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Reflections on the Generalissimo's Son and Democracy in Taiwan

The Huffington Post The Huffington Post 22/02/2016 Jim Laurie

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On May 20th, Taiwan will take another step in a democratic process begun thirty years ago - a process started under the rule of a dictator.
Tsai Ing-Wen will be sworn in as Taiwan's fourth democratically elected President and first woman to have ever held that office.
She appears to possess a quietly determined temperament. She will need it as she tackles a range of thorny challenges within Taiwan and from the Chinese mainland.
Tsai brings back to power Taiwan's Democratic Progressive Party (DPP), a party known in the past for angering Beijing and championing independence for the island of more than 23 million.
She is confronted with a population that is both very different from that on the Chinese mainland and yet one that is more intertwined with life and business on the mainland than ever before.
She will need to placate an ever more aggressive government in Beijing and a restless population at home that is suffering from a serious economic downturn.
But my perspective here goes back 40 years.
Ms. Tsai's passage to Presidency began with a ruthless and authoritarian ruler - a man who was in power when 20 year old Tsai was studying law at Taiwan National University. (She went on to other degrees at Cornell and the London School of Economics.)
Taiwan's leader was the son of President Chiang Kai-shek.
Known to some Americans as "G-mo," the "Generalissimo" had headed Nationalist [Kuomintang] rule of China from 1928 until he was ousted by the Communists and fled to Taiwan. There he ruled until his death.
I sat down with the Generalissimo's son for lunch on Saturday January 3rd 1976.
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Chiang Ching-kuo had assumed most of his father's powers in the final years of the Generalissimo's life.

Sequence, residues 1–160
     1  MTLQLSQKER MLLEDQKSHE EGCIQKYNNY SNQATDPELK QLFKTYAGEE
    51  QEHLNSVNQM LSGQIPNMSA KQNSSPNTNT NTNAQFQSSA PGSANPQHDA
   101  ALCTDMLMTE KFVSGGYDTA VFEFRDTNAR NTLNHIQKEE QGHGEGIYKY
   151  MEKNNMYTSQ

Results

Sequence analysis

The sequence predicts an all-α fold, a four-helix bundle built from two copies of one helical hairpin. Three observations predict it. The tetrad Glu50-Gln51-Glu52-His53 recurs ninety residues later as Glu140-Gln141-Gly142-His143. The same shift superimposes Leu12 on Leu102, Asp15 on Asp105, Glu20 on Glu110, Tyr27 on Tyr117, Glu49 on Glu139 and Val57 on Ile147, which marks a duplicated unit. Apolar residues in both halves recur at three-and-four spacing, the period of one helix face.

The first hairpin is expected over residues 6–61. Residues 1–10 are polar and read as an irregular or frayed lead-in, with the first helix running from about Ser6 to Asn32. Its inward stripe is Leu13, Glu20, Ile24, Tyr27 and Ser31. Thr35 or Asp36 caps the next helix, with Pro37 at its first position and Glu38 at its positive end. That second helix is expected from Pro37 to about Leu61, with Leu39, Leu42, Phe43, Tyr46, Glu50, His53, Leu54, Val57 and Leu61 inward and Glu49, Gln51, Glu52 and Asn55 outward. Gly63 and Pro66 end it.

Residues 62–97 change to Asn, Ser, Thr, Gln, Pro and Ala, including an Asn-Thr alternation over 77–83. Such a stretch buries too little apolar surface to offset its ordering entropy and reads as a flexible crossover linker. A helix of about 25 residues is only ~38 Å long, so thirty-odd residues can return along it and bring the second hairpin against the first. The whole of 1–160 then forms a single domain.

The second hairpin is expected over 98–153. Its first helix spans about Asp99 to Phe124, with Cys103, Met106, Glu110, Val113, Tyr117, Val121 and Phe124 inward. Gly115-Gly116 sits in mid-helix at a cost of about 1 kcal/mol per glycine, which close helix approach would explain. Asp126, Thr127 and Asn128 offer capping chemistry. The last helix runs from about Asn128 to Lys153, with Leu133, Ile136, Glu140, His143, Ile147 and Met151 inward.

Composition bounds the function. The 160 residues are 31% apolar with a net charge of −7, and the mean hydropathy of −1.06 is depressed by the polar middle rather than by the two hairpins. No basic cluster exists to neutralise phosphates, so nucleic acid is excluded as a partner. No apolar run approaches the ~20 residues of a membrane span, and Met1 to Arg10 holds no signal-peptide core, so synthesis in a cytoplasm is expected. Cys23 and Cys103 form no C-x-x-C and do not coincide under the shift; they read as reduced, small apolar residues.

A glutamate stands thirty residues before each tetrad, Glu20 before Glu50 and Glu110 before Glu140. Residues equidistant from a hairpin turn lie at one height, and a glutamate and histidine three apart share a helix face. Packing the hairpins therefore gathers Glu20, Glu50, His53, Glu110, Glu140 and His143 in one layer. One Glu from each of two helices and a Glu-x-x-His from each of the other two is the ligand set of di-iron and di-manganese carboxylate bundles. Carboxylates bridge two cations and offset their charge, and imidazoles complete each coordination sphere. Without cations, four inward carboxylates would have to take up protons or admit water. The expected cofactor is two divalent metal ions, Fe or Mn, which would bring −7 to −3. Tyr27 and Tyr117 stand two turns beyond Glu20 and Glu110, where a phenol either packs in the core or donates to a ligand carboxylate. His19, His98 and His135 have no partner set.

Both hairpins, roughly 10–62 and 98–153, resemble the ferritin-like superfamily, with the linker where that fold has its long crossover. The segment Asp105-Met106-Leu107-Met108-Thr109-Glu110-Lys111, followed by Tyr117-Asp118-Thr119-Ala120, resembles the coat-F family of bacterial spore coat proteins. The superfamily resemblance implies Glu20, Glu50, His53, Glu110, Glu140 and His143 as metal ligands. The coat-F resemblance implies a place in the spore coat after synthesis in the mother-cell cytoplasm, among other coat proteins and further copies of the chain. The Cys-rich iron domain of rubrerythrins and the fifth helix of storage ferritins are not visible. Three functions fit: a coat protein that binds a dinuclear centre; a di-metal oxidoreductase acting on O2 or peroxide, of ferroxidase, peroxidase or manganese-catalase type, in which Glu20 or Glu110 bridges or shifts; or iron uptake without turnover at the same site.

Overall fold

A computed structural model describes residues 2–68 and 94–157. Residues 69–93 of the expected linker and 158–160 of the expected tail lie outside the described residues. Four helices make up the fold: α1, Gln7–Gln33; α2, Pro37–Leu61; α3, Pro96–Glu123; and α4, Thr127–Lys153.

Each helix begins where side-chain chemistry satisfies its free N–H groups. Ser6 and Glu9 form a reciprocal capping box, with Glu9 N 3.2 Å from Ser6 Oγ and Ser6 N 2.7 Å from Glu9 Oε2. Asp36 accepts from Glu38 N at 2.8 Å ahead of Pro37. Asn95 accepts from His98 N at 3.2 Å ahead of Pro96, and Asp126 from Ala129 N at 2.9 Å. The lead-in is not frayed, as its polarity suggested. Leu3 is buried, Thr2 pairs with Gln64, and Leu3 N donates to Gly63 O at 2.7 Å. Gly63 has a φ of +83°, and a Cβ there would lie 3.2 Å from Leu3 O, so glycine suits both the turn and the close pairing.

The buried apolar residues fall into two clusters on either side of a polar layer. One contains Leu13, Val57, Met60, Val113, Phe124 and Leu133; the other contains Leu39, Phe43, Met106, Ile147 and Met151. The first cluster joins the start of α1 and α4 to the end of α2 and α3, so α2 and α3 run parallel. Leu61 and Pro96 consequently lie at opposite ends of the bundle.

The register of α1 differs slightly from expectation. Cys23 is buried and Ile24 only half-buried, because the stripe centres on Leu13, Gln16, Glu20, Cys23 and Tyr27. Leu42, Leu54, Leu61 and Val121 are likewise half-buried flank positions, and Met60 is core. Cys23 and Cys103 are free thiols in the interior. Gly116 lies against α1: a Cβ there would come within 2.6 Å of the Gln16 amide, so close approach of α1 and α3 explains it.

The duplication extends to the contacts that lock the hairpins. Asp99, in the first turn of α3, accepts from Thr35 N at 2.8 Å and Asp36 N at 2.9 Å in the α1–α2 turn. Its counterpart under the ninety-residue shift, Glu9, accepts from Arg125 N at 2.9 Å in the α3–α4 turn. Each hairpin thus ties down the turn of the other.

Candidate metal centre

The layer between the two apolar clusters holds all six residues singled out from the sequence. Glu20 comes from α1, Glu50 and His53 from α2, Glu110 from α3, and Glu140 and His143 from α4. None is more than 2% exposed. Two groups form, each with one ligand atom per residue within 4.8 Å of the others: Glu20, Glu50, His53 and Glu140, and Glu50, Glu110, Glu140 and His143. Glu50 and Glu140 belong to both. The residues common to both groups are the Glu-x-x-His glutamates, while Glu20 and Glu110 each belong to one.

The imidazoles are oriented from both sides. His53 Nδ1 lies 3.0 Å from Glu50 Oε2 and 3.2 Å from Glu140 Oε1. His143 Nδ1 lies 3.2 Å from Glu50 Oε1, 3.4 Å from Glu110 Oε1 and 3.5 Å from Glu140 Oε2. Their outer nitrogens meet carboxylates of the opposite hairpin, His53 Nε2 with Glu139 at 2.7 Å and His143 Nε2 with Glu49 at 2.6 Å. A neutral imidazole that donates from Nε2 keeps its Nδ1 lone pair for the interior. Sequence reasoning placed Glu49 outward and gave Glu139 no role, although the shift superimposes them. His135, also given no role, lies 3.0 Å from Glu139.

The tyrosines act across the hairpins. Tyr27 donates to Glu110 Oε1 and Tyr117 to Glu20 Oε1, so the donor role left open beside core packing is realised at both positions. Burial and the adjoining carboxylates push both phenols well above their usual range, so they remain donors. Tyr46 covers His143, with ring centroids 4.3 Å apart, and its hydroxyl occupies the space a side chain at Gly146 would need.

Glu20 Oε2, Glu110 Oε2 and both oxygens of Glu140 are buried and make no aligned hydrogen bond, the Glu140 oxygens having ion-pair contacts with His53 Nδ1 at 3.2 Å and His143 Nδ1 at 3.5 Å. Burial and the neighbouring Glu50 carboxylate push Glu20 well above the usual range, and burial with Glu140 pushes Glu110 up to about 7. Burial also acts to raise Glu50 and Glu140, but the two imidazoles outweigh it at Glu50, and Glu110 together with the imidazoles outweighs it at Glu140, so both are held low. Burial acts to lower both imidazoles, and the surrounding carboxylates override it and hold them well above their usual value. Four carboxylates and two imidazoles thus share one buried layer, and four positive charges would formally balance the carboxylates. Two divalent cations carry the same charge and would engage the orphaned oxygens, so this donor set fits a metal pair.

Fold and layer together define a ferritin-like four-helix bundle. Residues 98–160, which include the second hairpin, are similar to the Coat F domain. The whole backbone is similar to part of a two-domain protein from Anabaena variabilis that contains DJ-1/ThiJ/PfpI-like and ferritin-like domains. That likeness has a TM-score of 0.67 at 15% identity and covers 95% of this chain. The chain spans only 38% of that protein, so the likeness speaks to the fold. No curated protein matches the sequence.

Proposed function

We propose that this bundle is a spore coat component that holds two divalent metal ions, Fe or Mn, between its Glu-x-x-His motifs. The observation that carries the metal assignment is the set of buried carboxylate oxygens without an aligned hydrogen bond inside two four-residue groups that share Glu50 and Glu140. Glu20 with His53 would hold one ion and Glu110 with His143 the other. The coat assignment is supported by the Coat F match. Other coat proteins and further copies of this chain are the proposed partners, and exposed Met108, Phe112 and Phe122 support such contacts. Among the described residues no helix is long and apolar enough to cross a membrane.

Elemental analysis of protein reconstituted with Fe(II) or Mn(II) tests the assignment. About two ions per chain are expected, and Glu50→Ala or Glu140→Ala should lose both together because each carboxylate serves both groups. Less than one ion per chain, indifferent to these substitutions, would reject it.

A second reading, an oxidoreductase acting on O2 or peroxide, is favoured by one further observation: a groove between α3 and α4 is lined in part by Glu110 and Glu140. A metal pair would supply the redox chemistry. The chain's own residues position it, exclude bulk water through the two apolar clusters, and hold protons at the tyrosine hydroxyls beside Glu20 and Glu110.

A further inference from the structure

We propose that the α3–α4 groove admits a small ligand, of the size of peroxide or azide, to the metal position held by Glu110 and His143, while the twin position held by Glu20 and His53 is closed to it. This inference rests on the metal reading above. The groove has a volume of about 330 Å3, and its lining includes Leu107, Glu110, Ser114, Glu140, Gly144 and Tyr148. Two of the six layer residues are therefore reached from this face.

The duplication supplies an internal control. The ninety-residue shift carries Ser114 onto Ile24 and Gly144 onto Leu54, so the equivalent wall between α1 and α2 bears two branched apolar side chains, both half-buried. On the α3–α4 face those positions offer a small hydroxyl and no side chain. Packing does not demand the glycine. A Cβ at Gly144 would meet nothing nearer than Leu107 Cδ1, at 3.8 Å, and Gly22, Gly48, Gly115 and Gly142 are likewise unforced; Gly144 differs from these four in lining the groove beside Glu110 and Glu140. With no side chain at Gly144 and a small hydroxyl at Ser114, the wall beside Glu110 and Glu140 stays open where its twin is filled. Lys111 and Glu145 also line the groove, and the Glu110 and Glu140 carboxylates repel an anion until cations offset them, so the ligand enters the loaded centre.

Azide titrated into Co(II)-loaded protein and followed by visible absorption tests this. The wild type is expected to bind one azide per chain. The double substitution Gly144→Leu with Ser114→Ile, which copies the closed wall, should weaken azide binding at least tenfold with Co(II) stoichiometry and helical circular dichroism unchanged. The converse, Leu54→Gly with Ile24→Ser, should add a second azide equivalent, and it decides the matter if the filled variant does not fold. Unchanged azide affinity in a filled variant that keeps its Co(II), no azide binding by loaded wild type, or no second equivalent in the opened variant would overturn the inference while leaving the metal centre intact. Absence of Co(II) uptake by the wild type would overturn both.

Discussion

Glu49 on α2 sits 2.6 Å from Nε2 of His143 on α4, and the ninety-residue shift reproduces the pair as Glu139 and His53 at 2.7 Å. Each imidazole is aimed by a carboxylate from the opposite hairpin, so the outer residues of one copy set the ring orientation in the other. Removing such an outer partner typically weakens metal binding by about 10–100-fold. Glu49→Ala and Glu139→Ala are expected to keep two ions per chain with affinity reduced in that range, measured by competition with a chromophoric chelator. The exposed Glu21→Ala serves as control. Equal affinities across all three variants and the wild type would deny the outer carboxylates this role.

The elder Chiang, who died in April 1975, appointed his son head of the secret police in 1950, Defense Minister in 1965, and Premier in 1972.
I was expecting to meet a stern, formal, figure displaying an authoritarian streak. His father had certainly projected that image: thin, upright bearing, high Sun Yat-sen collar.
Chiang Ching-kuo struck me as an unimposing figure. He was dressed casually in a rumpled, loose fitting blue jacket. It was the kind of attire he felt brought him closer to the people. A genial smile on his face, he spoke over lunch of the remarkable economic growth of Taiwan.
For all his charm, Chiang ran his nation under strict "martial law." Taiwan opposition figures overseas described to me his ruthlessness. Over a period of fifteen years, he approved the arrest and torture of political prisoners. Activists held him responsible for many deaths. In 1976, he was still ordering the detention of political opponents; anyone criticizing his rule.
On the mainland, of course, the Cultural Revolution raged through its final years. Ailing, Mao Zedong was in his last year. Whatever human rights abuses Taiwan citizens endured, it was nothing compared to those across the Strait.
My colleague Bill Hartley of the Wall Street Journal joined me as we spent much of the day with Chiang in the city of Tai Chung, on the west coast of central Taiwan. Gateway to the mountains and Sun Moon Lake, Chiang said he liked to get away from the capital, broaden his political base, and promote his goal of Taiwan "self-reliance."